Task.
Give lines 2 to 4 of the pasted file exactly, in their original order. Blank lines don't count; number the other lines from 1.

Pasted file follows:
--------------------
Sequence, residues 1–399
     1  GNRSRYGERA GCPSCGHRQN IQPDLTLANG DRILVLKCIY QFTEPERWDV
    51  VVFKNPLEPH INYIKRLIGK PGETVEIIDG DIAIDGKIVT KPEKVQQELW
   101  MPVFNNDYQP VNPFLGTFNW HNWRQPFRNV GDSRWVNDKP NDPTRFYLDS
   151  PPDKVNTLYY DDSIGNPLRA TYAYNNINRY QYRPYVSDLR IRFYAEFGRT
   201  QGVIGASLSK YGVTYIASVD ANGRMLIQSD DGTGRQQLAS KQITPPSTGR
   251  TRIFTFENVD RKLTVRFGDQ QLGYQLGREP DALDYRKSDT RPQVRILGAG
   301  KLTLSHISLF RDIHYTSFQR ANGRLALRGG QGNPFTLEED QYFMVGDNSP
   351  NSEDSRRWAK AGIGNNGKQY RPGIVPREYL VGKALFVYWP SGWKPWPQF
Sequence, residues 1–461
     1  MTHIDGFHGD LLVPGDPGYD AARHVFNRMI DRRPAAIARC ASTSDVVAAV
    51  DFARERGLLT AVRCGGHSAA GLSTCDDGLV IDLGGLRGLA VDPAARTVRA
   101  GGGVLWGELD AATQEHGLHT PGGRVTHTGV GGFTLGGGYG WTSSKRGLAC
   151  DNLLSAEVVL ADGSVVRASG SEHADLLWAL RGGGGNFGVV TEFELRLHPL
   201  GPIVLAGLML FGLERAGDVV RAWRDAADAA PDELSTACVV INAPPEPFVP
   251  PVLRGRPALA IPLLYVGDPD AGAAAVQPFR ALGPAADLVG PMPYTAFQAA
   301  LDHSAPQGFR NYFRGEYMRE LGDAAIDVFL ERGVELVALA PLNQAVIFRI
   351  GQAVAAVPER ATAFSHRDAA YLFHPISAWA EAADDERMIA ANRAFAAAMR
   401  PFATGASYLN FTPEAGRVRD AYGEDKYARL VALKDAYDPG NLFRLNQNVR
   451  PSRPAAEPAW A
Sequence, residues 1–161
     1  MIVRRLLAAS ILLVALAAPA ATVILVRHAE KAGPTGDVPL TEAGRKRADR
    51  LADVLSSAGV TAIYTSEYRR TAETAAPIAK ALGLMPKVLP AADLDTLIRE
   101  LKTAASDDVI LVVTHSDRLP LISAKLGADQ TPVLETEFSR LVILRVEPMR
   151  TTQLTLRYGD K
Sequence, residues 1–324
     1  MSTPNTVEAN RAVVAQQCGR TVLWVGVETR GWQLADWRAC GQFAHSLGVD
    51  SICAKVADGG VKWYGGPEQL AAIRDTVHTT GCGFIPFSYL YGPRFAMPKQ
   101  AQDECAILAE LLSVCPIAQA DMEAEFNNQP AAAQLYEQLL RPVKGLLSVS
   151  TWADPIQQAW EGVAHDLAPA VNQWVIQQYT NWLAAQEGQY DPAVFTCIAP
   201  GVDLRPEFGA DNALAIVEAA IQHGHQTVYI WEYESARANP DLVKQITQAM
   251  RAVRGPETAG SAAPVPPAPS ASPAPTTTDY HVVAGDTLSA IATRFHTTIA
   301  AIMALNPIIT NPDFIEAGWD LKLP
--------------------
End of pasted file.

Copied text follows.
     1  GNRSRYGERA GCPSCGHRQN IQPDLTLANG DRILVLKCIY QFTEPERWDV
    51  VVFKNPLEPH INYIKRLIGK PGETVEIIDG DIAIDGKIVT KPEKVQQELW
   101  MPVFNNDYQP VNPFLGTFNW HNWRQPFRNV GDSRWVNDKP NDPTRFYLDS